Early Masonic Goat Matchstick-Lighter

This tobacco lighter is circa 1915 and plays on the Masonic humor of riding the Goat!  Although is simply a joke to ride the goat in Masonic Lodges, but Woodmen of the World and a few other Orders would engage their new candidates in a moment of this humorous sport!   Many of the Lodge Goat jokes can be found in this book "The Lodge Goat and Goat Rides"  and a real Goat Riding Tricycle can be seen (here) This kitschy knickknack is made of metal and is copper/bronze in color.  The frame is intact but the striker strip is missing.  On both sides of the ram's saddle is the Square and Compass with the Letter "G". The tail of the ram is the permanent match and removes from the ram revealing the original wick.  This item measures 3" tall x 5" long x 2 1/8" wide. The match/tail measures 2.75" long.   It was made by the Ronson lighter company started as The Art Metal Works in 1897 and was incorporated on July 20, 1898, by Max Hecht, Louis V. Aronson and Leopold Herzig, in Newark, New Jersey.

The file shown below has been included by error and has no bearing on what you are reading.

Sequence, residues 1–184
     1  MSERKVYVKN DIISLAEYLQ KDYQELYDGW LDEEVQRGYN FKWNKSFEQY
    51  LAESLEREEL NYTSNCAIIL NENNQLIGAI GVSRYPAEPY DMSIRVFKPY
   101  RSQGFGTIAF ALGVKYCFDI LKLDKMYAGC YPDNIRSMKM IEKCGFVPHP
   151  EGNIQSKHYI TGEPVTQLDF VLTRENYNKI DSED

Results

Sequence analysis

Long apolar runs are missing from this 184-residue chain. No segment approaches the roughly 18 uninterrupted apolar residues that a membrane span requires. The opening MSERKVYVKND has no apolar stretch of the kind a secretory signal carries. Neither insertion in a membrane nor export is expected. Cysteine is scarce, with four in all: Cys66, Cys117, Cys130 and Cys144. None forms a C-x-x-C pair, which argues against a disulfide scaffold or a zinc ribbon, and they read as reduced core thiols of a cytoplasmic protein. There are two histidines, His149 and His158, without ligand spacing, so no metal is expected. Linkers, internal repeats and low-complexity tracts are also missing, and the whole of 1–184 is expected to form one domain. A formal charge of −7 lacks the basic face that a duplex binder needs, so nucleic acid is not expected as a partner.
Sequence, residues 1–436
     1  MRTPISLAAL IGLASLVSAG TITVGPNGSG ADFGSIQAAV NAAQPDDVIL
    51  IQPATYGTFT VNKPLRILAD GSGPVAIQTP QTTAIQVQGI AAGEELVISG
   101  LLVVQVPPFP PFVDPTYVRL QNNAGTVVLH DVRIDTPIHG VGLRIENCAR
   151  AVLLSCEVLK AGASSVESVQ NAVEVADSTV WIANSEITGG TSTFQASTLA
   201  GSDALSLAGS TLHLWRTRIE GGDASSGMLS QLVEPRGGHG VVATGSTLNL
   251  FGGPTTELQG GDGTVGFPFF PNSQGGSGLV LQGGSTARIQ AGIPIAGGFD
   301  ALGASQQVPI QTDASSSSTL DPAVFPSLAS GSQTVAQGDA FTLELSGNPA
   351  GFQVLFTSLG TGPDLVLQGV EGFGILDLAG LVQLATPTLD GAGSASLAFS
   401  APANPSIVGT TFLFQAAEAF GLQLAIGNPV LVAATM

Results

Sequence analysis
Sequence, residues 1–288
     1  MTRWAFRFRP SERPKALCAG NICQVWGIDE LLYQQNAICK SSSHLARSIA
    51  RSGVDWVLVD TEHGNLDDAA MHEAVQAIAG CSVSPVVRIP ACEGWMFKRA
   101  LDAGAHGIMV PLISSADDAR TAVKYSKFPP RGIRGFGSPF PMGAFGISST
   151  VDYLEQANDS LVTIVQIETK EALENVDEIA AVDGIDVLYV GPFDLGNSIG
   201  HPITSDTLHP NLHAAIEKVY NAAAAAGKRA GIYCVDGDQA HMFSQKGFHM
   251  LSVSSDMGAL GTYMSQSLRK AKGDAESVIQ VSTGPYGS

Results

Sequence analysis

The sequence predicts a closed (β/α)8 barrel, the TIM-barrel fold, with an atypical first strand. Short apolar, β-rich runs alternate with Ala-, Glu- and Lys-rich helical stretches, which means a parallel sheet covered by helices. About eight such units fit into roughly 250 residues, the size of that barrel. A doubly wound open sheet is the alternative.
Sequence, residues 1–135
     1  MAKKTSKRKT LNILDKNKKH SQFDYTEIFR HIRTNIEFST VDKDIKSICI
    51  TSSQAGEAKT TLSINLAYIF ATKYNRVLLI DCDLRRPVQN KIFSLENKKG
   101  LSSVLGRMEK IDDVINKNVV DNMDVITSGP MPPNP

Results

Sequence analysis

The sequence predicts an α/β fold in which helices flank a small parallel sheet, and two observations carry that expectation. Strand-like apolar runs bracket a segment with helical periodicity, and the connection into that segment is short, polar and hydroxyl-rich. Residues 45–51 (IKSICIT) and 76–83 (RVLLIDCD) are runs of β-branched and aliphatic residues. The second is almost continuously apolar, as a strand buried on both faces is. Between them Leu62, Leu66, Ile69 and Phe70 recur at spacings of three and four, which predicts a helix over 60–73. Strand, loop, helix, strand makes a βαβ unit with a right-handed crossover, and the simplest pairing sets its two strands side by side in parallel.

Louis V. Aronson was a huge creative driving force for the company; and, with a few business adjustments, including the addition of Alexander Harris (1910-11) as Business Manager, the company soon became World Famous!

All accounts state that Louis Aronson was a gifted man, who at 16 years old set-up a money making shop in his parents' home - before receiving a U.S. patent for a commercially valuable metal-plating process he developed when he was 24 years old, and he sold half the rights while retaining the Right to Use. "His experiments, which he has been conducting since his early youth, resulted in 1893 in the discovery of a process for electrically producing tinplate. Much money was expended upon improving the process... and has been of great practical value to the whole industry. Retaining its rights, he sold half the patent rights, and later used part of the proceeds to open the Art Metal Works in Newark, N.J.  Soon the company was producing a variety of high-quality Lamps, Book ends, Art Statues and other decorative items, prized today for their detail in the collector marketplace.

For further reading on the Lodge goat-riding  (click here)

 

         

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